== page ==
Montreal, QC-based Papi Chulo & su Groupo Invisible has released Ritmo de lo Habitual.
Papi Chulo & su Groupo Invisible, which is Mariano Franco’s tropi-punk musical project, released the first single off of the album, “Ritmo de lo Habitual” on October 30, 2020. It also included a delirious music video inspired by Lutz Mommarts’ experimental films from the 60s.
The inspiration for the title Ritmo de lo Habitual came to Mariano during the first confinement when working on the album was the only thing that allowed him to break the monotony of everyday life, the “usual rhythm” of the days.
Being for the most part the result of fruitful collaborations with artists Etienne Lebele, Omar Diaz Herrera, Fernando Pinzon, Ultra K, Stephanie Ozorio and Nagano Morro, the songs that make up this tropi-punk album invite to a psychedelic dance that leaves no one indifferent.
Care to introduce yourself to our readers?
Hi, I’m Mariano Franco aka Papi Chulo. A Montrealer of Mexican origin. I’ve been living and making music and exploring other forms of art here for at least 20 years. I have founded and collaborated with many projects in Montreal. From the first Metal in Spanish band in Canada (Mi Santa Sangre) in the late 90’s to the crazy funky big band Psychotropical Orchestra and now with my solo electro-tropical project, Papi Chulo & su Grupo Invisible.
Tell us a bit about your music and writing style.
My music is an eclectic mix of electronic dance music, big beat, funk, and latin american rhythms, specifically cumbia and mambo. I guess is what people call today Global Bass or Tropical Bass. Although I feel the term is too vague. I prefer the term Tropical Futurism or Tropi-punk like my Montreal fellow musicians call my music. Papi Chulo’s music starts with the beat, a rhythmic loop that pop’s into my mind suddenly. Then I seat in my home studio and expand the beat into a whole tune. The bass lines follow and once I got the a rhythmic structure I let myself indulge into synths and other instruments. For this record, I went further and got my friend Etienne Label to record horns and a friend from Panama Omar Diaz Herrera to record percussions. A longtime collaborator, Fernando Pinzon added some bass lines to complete the grooviness and give an organic feeling to the electronic base. All this in the distance because of the Pandemic restrictions.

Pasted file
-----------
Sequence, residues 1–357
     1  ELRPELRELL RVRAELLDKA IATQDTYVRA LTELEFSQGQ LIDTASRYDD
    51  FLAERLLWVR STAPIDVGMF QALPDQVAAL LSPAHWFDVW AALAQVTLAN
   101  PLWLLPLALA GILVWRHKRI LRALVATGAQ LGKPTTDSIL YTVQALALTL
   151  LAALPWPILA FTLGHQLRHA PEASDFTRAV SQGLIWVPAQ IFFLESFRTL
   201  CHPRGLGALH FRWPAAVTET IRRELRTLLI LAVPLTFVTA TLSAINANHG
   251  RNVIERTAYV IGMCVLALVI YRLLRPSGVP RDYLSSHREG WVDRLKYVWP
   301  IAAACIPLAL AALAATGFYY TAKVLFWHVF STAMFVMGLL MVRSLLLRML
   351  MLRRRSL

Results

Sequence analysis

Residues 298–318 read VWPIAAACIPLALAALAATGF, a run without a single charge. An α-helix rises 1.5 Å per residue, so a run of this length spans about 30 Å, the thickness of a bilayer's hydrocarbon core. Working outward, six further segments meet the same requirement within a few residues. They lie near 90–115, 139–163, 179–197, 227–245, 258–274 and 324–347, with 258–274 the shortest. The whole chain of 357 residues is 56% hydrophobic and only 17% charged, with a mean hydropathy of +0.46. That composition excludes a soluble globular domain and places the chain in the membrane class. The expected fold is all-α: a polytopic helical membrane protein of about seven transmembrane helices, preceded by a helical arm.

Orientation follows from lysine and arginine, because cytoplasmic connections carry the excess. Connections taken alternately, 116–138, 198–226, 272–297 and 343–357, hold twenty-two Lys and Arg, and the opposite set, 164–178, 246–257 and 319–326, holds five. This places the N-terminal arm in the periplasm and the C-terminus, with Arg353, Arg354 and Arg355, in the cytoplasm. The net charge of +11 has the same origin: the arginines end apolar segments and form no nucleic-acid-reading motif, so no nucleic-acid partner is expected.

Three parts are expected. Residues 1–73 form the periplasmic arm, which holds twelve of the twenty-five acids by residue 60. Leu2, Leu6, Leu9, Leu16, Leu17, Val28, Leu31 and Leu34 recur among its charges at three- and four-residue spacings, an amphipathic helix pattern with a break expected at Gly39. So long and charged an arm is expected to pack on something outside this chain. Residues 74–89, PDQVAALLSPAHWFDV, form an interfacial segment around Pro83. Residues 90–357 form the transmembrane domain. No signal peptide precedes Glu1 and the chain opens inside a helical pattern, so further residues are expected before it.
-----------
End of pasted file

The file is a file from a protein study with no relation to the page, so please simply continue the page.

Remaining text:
Do you have any upcoming shows? For someone who has yet to see you live, how would you explain your live performance?
Papi Chulo shows are just crazy, non stop jumping and moving the hips and heads. For me, a show is really a ritual and I get possessed by the music and the audience’s energy. It is communion where I give all and I take the audience into a frenetic dimension of rhythmic chaos and sweat.
Unfortunately, I don’t know when we are going to be able to perform in Montreal. We are currently in the red zone and before a vaccine comes I don’t see any chance to play live. I’m preparing, however, a live show for digital streaming right after the release of the album. This will come along with a new single and a new music video. I think those are the only ways of keeping your music alive in people’s consciousness. It is hard to be a musician these days, but me and my invisible band, are saving all our energy to party like crazy once this pandemic is over. In the meantime, listen to the record, close your eyes and let yourself go into a tropical journey.
If you were asked to suggest only one of your songs for someone to hear, which would it be?
I think my first single, Ritual de lo Habitual, is a good piece to be introduced to the sound of Papi Chulo & su Grupo Invisible. It is easy to digest, no lyrics, just pure frenetic dance music. It is a mix of champeta, cumbia, mambo, and big beat. If it does not make you move, you better go see the doctor.
Canadian Beats is all about Canadian music, so who are your current favourite Canadian bands/ artists?
I really like AfrotroniX from Montreal, the new Destroyer album, A Tribe called Red, Lido Pimienta, etc, etc
I’m Jenna, and I am the founder and editor of Canadian Beats. I have had a strong love for Canadian music, which started many years ago. I have a passion for promoting these talented Canadian bands and artists, and that’s how Canadian Beats came to be. I am so proud of what it has become over the last few years, with many talented music lovers and writers coming together to spread the word of Canada’s music.